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In recent times it seems a radiation spike over Europe has been noticed (in June 2020). This is something we do not know the reason behind and well, it’s quite confusing for a number of reasons. 

According to The New York Times, Nordic authorities say they detected these slightly increased levels of radioactivity across the area just this month and it is thought that things could be stemming from Russia somehow. That being said, no real reason behind this has been noted just yet. It could, however, be some kind of damage to a nuclear power plant or something else of the sort. With no issues of the sort being reported in Russia, we’re still all quite confused as you’d expect. 

According to The New York Times, the Swedish Radiation Safety Authority has said as follows on the matter:

“it is not possible now to confirm what could be the source of the increased levels”

“The radionuclides are artificial, that is to say, they are man-made. The composition of the nuclides may indicate damage to a fuel element in a nuclear power plant,” the Dutch agency said, adding that ”a specific source location cannot be identified due to the limited number of measurements.”

The Dutch National Institute for Public Health and the Environment (RVIM) covered this topic on their website and noted that something similar to this occurred back in 2017 as well. That being said, back then a source was easier to locate, and locating it was done in a much more accurate manner. With RVIM monitoring the presence of radioactivity constantly, this is something that was caught quite early on and will likely be resolved in time. 

RVIM wrote as follows about this radioactivity spike:

In the first half of June 2020, small amounts of artificial (man-made) radioactive substances have been detected at several measuring stations in Northern Europe. The Swedish, Norwegian, and Finnish radiation protection authorities have reported this on their websites. RIVM National Institute for Public Health and the Environment has analyzed the available data to determine a possible cause and source location.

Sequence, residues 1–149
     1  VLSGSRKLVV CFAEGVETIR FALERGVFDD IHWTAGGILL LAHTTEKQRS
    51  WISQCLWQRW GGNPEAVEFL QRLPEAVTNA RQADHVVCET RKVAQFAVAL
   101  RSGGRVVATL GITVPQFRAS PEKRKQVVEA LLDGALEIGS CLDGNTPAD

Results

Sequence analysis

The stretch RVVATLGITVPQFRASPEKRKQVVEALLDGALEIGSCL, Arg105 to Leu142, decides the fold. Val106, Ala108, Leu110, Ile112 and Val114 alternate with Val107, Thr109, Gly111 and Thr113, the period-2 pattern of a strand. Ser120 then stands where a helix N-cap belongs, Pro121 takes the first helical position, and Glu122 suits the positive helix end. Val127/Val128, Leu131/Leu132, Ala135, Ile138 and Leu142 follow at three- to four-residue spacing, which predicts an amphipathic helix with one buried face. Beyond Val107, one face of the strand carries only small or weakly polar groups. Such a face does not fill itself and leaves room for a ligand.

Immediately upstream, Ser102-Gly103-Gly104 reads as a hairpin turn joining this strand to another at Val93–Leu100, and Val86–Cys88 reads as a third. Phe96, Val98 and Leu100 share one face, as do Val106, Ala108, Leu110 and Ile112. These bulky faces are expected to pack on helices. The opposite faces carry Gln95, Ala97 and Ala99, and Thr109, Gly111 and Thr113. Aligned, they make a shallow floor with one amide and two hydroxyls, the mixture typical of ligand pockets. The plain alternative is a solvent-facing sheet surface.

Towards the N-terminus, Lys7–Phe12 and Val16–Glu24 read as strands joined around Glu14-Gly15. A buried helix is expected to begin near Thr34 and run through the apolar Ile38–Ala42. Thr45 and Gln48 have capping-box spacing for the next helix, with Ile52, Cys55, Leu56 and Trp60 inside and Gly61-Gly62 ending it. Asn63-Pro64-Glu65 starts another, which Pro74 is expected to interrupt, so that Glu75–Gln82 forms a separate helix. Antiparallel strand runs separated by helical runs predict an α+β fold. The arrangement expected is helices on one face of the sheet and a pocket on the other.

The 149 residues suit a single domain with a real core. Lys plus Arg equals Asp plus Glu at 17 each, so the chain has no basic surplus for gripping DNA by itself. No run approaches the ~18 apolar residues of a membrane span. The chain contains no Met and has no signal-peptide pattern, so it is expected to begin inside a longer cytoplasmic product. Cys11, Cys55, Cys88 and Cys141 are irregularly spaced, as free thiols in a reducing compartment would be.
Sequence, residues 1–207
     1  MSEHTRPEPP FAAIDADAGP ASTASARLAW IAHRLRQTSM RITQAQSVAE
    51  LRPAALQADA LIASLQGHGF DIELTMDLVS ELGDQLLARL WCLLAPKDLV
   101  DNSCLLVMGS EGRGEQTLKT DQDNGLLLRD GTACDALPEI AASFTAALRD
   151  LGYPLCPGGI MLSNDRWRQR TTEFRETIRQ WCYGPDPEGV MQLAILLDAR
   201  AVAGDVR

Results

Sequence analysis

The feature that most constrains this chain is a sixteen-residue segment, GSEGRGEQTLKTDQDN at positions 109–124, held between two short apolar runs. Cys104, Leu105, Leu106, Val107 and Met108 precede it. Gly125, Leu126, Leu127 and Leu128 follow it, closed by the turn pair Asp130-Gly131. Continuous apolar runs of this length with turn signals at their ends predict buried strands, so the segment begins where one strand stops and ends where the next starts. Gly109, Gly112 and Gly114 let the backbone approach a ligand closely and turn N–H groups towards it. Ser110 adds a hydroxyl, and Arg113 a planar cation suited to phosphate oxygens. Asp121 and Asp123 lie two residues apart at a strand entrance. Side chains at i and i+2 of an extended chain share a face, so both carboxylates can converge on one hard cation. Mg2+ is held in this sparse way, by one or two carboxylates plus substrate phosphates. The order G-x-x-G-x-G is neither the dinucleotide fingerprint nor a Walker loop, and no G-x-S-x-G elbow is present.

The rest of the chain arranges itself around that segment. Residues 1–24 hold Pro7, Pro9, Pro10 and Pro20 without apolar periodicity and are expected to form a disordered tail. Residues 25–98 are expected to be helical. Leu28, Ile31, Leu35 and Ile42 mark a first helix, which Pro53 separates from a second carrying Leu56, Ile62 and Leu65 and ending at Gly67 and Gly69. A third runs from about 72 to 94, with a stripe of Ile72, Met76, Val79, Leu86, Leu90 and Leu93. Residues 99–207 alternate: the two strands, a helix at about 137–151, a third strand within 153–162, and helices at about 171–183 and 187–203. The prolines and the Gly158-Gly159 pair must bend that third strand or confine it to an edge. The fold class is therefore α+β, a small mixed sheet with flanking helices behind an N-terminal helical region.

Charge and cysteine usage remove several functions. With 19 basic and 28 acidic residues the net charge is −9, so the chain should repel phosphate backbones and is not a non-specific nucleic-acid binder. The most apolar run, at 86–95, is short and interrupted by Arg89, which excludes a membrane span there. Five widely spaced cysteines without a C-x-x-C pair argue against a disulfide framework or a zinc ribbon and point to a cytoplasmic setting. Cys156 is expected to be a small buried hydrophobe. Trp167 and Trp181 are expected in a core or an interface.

Iodine-131 was detected in Norway, while cesium-134, cesium-137, cobalt-60, and ruthenium-103 were detected in Sweden and Finland. The amount of radioactivity was very low and there was no impact on the environment or human health. No artificial radioactive substances have been found in The Netherlands. RIVM National Institute for Public Health and the Environment continuously monitors the presence of radioactivity in The Netherlands. Detecting very low levels of radioactivity (such as in this case) is only possible with advanced equipment. Such equipment is available at RIVM.

The detected radioactive substances are artificial, meaning they are man-made. The combination of radionuclides may be explained by an anomaly in the fuel elements of a nuclear reactor. RIVM has performed calculations to locate the source of the radionuclides. These calculations show that the arrival at the measuring stations took place from a southeast direction. It is unknown when the release took place and hence over which distances it dispersed.

The possible source location, therefore, covers a large area, and a more specific location for the source cannot be determined owing to the limited number of measurements.

I guess in time we will know more about this whole ordeal but for now, that’s all we’ve got. What do you think is causing this spike? I for one think there has to be something happening somewhere that perhaps we’re not as aware of as we should be.